The lawyer trying to recover the money from R. Allen Stanford’s purported Ponzi scheme wants seven current and former Major League Baseball stars who had invested with the accused swindler to turn over millions of dollars, mostly of the players’ own money.
Ralph S. Janvey, whom the Securities and Exchange Commission appointed as the “receiver” in the case, wants to take $9.5 million from the players, an amount that mostly consists of their initial investments, so that the athletes’ money can be split up among all of Mr. Stanford’s purported victims.
“The fact that the [ballplayers] are innocent investors and committed no wrongdoing does not entitle them to retain proceeds received from the fraudulent” scheme, lawyers for Mr. Janvey wrote in a filing last week with the U.S. District Court in Dallas.
Gene R. Besen, an attorney for all seven players, declined to comment on the move by the receiver.
Targeted by the filing are accounts at Pershing, a clearing broker used by Mr. Stanford and where brokerage accounts were held by retired pitcher Greg Maddux, retired New York Yankees slugger Bernie Williams, current Yankees outfielder Johnny Damon, Boston Red Sox outfielder J.D. Drew, Texas Rangers outfielder Andruw Jones, Tampa Bay Rays first baseman Carlos Pena and Jay Bell, a shortstop who played for several teams before retiring in 2003.
David B. Smith, a Virginia lawyer who is co-chairman of the Forfeiture Abuse Task Force of the National Association of Criminal Defense Lawyers, said Mr. Janvey’s filing is “unusually aggressive.”
The players are not accused of wrongdoing, yet are being asked to turn over huge amounts, including the legitimately made money they invested at the start, not simply their profits, Mr. Smith noted.
“You get into these philosophical questions of what is really fair?” said Mr. Smith, who has represented the victims in several Ponzi scheme cases. “None of the cases that I have been involved in follow this scenario.”
Mr. Stanford pleaded not guilty Thursday in federal court in Houston to charges contained in a 21-count indictment that say he ran a $7 billion Ponzi scheme. Judge David Hittner on Friday ordered him held without bond pending a hearing Monday morning.
Authorities say Mr. Stanford sold fraudulent “certificates of deposit” that promised impossibly high returns.
In reality, investigators say, Mr. Stanford was simply running a Ponzi scheme, in which earlier investors were paid with money from new investors. Mr. Stanford also took much of the money for himself, authorities say, including a $1.6 million “personal loan” from money he received from investors.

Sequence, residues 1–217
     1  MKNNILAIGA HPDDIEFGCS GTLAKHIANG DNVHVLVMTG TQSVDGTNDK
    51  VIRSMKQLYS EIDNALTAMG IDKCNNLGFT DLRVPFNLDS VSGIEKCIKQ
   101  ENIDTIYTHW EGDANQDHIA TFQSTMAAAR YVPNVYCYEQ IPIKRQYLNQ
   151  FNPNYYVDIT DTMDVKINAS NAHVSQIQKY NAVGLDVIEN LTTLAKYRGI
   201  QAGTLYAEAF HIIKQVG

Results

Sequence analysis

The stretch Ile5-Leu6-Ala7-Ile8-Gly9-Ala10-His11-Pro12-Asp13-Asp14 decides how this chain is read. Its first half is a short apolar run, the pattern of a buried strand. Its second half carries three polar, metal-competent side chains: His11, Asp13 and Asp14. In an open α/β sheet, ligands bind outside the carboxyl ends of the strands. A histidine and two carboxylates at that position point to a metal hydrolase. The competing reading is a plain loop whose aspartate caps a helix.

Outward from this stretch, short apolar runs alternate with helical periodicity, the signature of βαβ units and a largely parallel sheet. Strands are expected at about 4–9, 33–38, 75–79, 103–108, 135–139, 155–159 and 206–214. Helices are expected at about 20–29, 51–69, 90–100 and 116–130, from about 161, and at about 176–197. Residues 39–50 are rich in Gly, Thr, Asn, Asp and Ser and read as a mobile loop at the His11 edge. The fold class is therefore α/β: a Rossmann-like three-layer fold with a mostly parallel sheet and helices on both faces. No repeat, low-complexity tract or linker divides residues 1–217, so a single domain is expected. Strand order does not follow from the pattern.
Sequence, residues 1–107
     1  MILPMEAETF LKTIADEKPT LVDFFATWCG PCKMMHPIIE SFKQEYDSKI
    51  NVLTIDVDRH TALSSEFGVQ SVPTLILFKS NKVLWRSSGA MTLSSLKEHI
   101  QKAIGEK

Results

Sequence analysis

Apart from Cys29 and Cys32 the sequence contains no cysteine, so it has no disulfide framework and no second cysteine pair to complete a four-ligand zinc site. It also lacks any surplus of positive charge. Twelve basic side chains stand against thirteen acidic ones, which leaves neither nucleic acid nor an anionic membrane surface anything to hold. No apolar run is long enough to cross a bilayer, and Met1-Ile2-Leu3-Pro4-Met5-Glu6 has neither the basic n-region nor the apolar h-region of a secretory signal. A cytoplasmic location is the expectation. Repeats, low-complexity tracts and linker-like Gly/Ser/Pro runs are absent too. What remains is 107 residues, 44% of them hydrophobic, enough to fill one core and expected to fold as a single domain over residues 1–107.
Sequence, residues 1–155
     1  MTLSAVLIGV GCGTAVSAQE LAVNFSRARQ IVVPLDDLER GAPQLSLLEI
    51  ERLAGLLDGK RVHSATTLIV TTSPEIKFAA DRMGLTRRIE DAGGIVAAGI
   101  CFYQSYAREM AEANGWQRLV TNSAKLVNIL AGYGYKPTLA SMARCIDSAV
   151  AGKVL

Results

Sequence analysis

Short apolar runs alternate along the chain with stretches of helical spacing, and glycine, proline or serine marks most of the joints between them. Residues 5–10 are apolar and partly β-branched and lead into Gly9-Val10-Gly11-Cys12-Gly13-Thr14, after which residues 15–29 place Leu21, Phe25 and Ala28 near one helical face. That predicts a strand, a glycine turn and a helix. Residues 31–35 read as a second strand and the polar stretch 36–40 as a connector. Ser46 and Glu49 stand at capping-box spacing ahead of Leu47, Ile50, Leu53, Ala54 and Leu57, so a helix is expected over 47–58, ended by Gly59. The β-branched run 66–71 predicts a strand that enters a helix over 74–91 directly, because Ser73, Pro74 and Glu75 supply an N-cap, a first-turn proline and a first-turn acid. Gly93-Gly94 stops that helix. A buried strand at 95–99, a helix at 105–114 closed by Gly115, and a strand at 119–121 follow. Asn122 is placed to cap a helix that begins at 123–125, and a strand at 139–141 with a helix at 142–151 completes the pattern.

The ballplayers were among the investors who just happened to make money from the apparently fraudulent “certificates of deposit.” The move against them is the first in which Mr. Janvey has sought to retrieve Stanford money paid out to innocent investors.
Mr. Janvey previously sought to seize $40 million from 66 financial advisers the government doesn’t accuse of wrongdoing, but who had been employed by Mr. Stanford. He has also asked a judge for permission to sell property belonging to Mr. Stanford.
Mr. Janvey and his lawyers at the Baker Botts firm, which made the filing, did not return phone and e-mail messages left by The Washington Times.
According to court documents, the “proceeds” the ballplayers received from Mr. Stanford’s self-styled “certificate of deposits” were found in accounts at Pershing, a clearing broker frequently used by Mr. Stanford.
On the lower end, Mr. Damon stands to lose $400,070, which includes the $400,000 principal that Mr. Damon put up and about $70 in interest he got from Mr. Stanford. According to court records, Mr. Maddux is at the higher end, with the receiver seeking nearly $3.7 million - Mr. Maddux’s $3.5 million initial investment and $170,000 in profit.
“At the end of the day, these guys will get something back from the collective pot,” white-collar defense lawyer Barry J. Pollack said. “While they might be putting in $1.25 now, they may be getting 75 cents down the road.”
The receiver argues it is only fair that all of the money recovered goes into one pool and is distributed among all the investors, both those who made money and those who lost money.
“I do think this is [the receiver] trying to establish a beachhead, and once they get the court to buy the concept, I do think they will go looking for other investors who have been paid back either their principal or their return on their investment,” Mr. Pollack said. “It’s a little bit of a Robin Hood concept - we are going to take from the lucky few that got paid back and put it in a pool and distribute to everybody.”
Ben Conery is a member of the investigative team covering the Supreme Court and legal affairs. Prior to coming to The Washington Times in 2008, Mr. Conery covered criminal justice and legal affairs for daily newspapers in Connecticut and Massachusetts. He was a 2006 recipient of the New England Newspaper Association’s Publick Occurrences Award for a series of articles about ...
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